You don’t always have to read aloud to your child, which some feel too pressed for time to do regularly. But what I’m suggesting is a win-win! You can read whatever you’ve been meaning to read** — fiction, non-fiction, apologetics, biographies, poetry — and you can spend time with your kid while they’re reading their book too.

And there you have it. That’s my list. My teaching colleagues often asked me how I got my students to be such book nerds. And I always tell them the above three things. I let my students choose what to read, out of a gazillion books that they have access to right there in the classroom, and I constantly talk about the variety of books I’m reading, regularly doing book talks, asking them about what they’re reading, encouraging lively conversations and even arguments around books, and making it a priority to set aside “sacred time” for silent reading all together (including me) every day.

What strategies or practices have you tried to “get” your child to read? How did you become a reader yourself? Looking forward to sharing our reading successes!




*We impose our “should be’s” on others!

**Try to read something that’s in physical book form.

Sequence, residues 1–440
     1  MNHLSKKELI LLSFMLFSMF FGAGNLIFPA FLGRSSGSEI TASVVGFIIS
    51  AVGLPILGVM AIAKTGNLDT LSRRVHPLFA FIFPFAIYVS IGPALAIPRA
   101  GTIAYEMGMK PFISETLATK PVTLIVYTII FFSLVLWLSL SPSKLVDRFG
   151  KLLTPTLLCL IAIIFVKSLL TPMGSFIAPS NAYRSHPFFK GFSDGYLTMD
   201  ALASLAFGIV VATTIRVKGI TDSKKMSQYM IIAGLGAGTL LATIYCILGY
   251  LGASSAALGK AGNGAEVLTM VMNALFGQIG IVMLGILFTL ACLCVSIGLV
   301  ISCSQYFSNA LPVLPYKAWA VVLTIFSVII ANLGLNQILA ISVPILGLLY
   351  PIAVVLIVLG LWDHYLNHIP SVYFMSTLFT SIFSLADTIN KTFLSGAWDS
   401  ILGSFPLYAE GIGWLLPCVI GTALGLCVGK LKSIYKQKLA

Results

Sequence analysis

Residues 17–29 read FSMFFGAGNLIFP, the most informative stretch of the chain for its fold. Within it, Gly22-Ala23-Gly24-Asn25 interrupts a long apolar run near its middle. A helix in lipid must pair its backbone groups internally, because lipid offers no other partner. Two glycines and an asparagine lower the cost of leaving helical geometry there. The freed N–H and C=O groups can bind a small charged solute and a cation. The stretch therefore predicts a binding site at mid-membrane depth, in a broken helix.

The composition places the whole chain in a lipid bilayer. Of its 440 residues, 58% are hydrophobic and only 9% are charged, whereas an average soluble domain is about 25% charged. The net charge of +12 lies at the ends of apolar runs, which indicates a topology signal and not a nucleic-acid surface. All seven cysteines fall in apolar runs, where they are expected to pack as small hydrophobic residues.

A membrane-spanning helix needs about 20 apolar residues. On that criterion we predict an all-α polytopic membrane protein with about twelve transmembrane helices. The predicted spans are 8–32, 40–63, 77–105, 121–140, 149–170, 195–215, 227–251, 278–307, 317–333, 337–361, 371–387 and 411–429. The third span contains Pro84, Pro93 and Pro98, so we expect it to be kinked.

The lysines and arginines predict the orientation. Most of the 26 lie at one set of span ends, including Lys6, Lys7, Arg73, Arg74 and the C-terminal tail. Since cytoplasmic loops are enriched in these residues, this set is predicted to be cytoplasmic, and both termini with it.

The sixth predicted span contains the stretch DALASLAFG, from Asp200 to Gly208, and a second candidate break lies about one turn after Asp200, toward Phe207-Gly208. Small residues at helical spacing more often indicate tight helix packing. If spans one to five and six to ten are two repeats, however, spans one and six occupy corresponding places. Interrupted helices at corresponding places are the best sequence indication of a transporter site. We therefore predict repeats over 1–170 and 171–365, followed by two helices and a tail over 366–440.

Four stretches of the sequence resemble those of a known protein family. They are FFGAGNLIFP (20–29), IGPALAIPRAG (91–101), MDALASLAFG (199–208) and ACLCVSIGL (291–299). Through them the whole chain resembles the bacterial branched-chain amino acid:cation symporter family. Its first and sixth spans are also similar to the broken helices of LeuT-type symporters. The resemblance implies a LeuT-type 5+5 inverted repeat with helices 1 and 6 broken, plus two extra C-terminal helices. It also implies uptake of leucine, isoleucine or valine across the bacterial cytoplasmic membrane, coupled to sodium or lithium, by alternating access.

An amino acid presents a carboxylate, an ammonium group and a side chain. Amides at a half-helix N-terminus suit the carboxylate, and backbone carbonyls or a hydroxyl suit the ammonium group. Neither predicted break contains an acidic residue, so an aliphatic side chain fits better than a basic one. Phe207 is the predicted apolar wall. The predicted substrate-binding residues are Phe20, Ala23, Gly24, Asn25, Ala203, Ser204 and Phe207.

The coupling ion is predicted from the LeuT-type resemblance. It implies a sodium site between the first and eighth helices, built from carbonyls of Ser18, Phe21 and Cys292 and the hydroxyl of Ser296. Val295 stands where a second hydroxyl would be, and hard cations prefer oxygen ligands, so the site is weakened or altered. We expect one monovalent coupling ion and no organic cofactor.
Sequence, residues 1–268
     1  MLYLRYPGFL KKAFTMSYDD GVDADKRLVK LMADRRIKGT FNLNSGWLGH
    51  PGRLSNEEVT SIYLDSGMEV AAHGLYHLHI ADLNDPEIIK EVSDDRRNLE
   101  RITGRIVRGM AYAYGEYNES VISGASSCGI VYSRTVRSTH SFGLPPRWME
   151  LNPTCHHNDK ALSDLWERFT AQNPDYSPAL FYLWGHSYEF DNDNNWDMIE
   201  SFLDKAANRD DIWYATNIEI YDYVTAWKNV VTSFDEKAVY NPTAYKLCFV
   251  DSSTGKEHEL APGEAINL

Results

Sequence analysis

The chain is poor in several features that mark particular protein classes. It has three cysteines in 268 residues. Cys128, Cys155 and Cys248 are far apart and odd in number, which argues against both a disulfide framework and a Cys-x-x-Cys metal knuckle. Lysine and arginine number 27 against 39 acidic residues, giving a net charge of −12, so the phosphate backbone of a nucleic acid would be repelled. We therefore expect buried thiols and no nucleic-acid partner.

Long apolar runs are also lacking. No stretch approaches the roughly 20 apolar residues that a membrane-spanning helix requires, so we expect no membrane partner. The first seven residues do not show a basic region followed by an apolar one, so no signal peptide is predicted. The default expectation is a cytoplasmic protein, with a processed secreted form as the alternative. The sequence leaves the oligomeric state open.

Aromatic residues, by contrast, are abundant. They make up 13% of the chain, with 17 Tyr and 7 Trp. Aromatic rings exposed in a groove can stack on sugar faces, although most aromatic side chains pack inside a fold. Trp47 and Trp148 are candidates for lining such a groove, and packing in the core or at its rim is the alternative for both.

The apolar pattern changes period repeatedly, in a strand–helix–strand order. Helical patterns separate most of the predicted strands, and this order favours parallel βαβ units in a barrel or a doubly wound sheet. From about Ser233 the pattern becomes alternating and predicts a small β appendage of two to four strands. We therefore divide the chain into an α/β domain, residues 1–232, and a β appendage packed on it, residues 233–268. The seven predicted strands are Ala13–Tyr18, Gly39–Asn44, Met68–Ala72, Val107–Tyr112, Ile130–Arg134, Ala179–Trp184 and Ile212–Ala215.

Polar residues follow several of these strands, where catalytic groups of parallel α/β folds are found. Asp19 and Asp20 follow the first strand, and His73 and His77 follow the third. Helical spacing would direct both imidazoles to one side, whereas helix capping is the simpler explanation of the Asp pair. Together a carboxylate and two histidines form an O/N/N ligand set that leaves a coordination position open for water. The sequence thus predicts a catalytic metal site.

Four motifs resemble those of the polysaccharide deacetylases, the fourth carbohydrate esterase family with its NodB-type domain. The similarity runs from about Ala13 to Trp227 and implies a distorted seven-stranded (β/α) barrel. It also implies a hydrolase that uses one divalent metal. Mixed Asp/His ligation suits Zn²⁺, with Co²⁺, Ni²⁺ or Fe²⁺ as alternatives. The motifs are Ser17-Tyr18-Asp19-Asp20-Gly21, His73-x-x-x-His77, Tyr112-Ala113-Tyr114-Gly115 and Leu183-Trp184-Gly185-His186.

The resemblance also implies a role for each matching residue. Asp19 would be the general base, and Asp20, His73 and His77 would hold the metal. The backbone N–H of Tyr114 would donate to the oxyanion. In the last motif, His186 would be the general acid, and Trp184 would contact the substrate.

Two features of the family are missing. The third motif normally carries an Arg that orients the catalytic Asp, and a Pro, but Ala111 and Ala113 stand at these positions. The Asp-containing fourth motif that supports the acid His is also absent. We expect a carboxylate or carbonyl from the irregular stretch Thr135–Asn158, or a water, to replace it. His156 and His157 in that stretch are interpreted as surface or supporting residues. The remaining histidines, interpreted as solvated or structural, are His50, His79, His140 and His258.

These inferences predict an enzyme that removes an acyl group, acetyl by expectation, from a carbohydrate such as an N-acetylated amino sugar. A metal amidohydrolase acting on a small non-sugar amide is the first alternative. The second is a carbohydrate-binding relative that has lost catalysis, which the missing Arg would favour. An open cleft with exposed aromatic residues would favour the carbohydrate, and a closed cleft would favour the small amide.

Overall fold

The Return of the Blog, and a photo

Things have been ever busy here at Gracepoint Berkeley church, so it’s been awhile since I’ve posted. After an initial set of posts, you might have thought I forgot about this here blog. Anyone in the blogosphere will tell you that consistency is one of the keys to building a readership, so I’ve got a lot of building to do!

Since today is Wednesday, here’s a wordless celebration of reading for you!

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Some leisure reading time during babysitting. These two (daughters of educators!) are proof you’re never too young to discover the joy of reading.

Next week, I’ll be visiting Gracepoint Irvine church to help with their Fall Welcome Week*, so I will try my best to schedule some posts ahead of time so I don’t go MIA again!


*This does mean Bibliopolis will be closed during 9/21-9/25.